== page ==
From educational toys in Australia, to the educational toys in Europe, and everywhere in between and beyond, the one constant is that the evolution of educational toys has been one that is rife with excitement, innovation, growth, and trial and error. Over the years, all those teachable moments and reigning triumphs built up to become what the educational toys available to learners and educators alike today, are. Never have educational tools and toys been this incredible, this profound. And never again will they be this simple, this old-school. The fundamentals that go into evolving educational toys from one era effectively into the next are the very same fundamentals that play a core role in ensuring that education remains fresh and relevant. This is an important distinction to make because if we lose sight of that fact, it becomes all too easy to lose sight of everything else.

Throughout the decades that education has thrived in its colourful existence, it has been a recurring theme that this is an industry that has adapted with the shifting tides of a world that refuses to stop evolving. Of course, this is a good thing. Education is a key fundamental contributor to the way of the world around us, and without it we would surely crumble. So, having an academic industry like education that not only meets expectations but far exceeds them, is a gift. The educational tools and toys that have assisted students and educators alike in their pursuit of more capable and reliable ways to learn and to teach, have become more and more technologically advanced and enhanced over the years. Today, these educational toys are more tech-savvy than ever. Going forward, these innovations in educational toys will only continue to become more and more advanced and enhanced – and technological innovation is largely, if not entirely, to thank for this ongoing evolution.

The Continuous Advancement of Online Education

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Education is an industry that, over time, has been through its fair share of evolutionary eras. This makes perfect sense. After all, education is an industry that quite literally must adapt and evolve with its clients (i.e. its students) to maintain its relevance and its steady hand in the world. Over the years, there have been many great evolutions within the education industry, all of which have had their own distinct impact on the students that successfully made their way through the systems and the academic layout itself. Now that the modern world is dealing with exceedingly rapid innovations in digitalisation and technological advancement, the next natural step in the ongoing evolution of the education industry is the move towards innovations that digitise elements of the academic experience. This concept has been hovering on the horizon for a while now, but it has only been in the last few years that it has begun to genuinely shift into being. Now, we are seeing the proof in the pudding all the time in the education industry.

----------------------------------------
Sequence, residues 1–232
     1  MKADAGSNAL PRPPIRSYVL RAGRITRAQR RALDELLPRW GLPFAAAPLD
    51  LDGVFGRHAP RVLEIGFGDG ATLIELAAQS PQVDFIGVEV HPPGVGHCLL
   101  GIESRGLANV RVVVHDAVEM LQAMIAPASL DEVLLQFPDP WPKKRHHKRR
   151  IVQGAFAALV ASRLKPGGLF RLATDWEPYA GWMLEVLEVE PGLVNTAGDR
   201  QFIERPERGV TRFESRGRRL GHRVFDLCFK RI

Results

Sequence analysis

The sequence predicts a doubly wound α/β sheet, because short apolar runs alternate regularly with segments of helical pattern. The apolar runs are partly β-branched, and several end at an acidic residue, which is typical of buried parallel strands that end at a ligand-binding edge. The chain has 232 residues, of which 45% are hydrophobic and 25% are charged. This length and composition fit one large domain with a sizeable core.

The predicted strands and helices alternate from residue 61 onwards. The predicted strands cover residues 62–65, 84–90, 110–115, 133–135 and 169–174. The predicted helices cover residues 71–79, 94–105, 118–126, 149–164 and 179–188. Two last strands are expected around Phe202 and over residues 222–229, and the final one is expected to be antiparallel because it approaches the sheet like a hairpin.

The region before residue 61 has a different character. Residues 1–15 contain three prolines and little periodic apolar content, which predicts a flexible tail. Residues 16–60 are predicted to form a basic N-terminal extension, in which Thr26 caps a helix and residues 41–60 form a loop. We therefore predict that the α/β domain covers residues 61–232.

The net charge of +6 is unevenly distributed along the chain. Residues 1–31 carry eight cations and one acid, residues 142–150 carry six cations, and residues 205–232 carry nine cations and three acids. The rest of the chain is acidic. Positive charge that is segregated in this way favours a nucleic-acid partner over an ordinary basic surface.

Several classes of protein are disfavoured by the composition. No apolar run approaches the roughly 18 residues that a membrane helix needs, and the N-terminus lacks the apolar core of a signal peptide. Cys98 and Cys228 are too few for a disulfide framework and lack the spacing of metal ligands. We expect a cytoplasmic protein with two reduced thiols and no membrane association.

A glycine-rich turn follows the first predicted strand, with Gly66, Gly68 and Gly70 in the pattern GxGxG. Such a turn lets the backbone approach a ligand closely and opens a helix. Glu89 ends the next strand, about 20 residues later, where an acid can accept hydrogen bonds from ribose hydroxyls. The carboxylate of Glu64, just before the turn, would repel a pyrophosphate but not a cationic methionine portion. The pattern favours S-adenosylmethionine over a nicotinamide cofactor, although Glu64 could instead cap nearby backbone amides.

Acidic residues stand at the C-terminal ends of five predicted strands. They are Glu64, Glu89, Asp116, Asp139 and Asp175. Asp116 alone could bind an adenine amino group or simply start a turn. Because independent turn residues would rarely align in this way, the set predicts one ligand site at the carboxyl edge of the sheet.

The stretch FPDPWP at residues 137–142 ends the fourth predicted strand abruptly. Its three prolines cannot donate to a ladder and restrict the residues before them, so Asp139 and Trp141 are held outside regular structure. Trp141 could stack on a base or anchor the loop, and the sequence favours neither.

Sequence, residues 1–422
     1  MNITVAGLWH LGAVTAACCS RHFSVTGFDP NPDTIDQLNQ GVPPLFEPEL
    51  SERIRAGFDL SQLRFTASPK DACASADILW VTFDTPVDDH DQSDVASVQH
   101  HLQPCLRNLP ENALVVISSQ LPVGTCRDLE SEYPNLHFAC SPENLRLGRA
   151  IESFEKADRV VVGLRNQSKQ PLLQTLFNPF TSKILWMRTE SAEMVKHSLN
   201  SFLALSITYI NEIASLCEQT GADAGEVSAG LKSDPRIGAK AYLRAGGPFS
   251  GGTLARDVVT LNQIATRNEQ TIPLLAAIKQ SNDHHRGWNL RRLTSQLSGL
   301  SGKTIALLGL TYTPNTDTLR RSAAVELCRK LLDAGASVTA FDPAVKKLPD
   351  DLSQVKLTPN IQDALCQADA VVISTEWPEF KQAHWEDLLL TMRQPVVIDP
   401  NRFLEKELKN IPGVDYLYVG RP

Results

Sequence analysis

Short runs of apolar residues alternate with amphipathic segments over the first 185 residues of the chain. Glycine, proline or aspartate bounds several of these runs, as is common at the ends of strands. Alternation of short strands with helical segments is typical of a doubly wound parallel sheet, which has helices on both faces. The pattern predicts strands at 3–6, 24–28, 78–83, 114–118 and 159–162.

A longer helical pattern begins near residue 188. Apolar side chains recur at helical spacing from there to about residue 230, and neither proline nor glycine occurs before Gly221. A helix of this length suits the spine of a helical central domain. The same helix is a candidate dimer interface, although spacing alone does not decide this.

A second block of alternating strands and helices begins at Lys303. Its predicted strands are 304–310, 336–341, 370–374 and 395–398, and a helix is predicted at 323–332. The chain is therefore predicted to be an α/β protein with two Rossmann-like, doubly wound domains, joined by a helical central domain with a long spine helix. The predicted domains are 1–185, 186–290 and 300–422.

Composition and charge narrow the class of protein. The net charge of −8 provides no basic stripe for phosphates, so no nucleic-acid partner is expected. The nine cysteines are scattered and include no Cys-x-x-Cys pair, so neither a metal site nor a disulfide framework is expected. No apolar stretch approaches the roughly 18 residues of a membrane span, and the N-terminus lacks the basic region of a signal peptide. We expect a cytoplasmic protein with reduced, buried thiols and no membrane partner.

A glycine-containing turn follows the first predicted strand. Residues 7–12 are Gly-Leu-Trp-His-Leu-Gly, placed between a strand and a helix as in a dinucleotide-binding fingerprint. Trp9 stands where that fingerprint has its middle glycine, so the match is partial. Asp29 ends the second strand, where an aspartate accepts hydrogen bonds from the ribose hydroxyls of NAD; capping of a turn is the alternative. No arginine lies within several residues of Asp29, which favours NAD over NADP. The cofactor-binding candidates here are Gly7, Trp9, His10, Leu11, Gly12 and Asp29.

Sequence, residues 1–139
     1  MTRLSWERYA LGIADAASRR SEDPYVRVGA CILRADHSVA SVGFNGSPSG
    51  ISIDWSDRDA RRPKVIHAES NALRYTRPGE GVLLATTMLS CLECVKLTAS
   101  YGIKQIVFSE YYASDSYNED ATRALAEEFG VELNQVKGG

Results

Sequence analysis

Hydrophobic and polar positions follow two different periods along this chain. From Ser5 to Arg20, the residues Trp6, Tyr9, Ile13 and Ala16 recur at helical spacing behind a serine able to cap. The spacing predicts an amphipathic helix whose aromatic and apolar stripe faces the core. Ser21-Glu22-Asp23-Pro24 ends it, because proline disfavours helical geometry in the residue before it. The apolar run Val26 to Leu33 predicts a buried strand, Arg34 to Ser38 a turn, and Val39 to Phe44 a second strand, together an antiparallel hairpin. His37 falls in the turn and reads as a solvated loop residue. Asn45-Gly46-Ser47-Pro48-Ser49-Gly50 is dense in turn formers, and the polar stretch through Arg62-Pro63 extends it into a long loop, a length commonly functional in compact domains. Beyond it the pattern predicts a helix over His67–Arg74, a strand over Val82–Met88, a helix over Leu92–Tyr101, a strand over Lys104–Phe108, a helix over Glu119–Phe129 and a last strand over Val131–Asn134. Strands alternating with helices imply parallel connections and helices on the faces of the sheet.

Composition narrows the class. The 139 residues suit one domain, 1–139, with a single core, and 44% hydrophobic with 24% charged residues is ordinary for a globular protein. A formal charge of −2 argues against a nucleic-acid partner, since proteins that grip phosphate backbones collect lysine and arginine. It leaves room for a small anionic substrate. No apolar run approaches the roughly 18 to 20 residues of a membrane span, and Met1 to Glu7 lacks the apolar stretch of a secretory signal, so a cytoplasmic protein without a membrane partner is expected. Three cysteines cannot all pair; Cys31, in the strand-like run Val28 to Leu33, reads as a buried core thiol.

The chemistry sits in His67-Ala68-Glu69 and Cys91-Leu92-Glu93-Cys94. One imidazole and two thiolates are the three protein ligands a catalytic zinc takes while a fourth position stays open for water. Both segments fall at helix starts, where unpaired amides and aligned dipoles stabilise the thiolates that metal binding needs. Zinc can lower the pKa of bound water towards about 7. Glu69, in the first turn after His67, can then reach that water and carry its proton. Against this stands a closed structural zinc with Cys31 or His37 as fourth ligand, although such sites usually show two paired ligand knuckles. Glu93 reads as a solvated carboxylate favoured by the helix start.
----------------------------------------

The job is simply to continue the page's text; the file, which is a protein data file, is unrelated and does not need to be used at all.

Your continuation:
Consider the introduction and ongoing advancement of online education, for instance. Traditional education has always been enormously successful, of course, but there is something to be said about the power of breaking down the structured barriers of traditional education and giving students access to a form of learning that is truly and entirely inclusive. Traditional education is a sole approach, in a set environment, with structured hours for classes and communications. For some students, this is the ideal approach to learning, and they thrive. But the fact is that trying to education millions of students a year with a single approach to learning, will never get the best out of each and every student. That is where online education comes in and changes the game. Online education is all about breaking down the barriers that are set in place in traditional education (intentionally or not) and creating an environment where students can have a more flexible experience.

Of course, it is important to note that a more flexible learning environment does not mean that it is any less legitimate at all. In fact, the online courses and degrees available via online education are there largely (if not entirely) because they are the very same courses that are offered through traditional education opportunities. Literally the only difference is the nature of the environment and its surrounding circumstances that students navigate when engaging in online education versus traditional education. Learning standard skills like writing and perfecting an impressive resume and learning some of the more stimulating lessons like sciences and understanding the history of literature, are all lessons that are available in online education as well as traditional education. The most valuable ideal of online education is simply that it essentially puts learners in a position to take control of their experience more.

Digitising materials, courses, and entire programs is a life-changing feat that many people honestly once doubted would ever come to fruition. Now, however, thanks to online education, the boundaries of traditional education have been effectively broken down, and students around the globe now have the option of a more heavily structured approach to learning (traditional education) or a more flexible approach to learning (online education). Having the power to decide which pathway a student wants to take has had a dramatic impact on just about every aspect of their education experience. That is why online education is so overwhelmingly valuable. That is the power of online education. And that is exactly why online education is only going to continue going from strength to strength over the coming years. This is just the beginning for online education. As the most exciting and revolutionary transformation in education and its history, online education is going to continue breaking down barriers and changing the lives of students going into the future.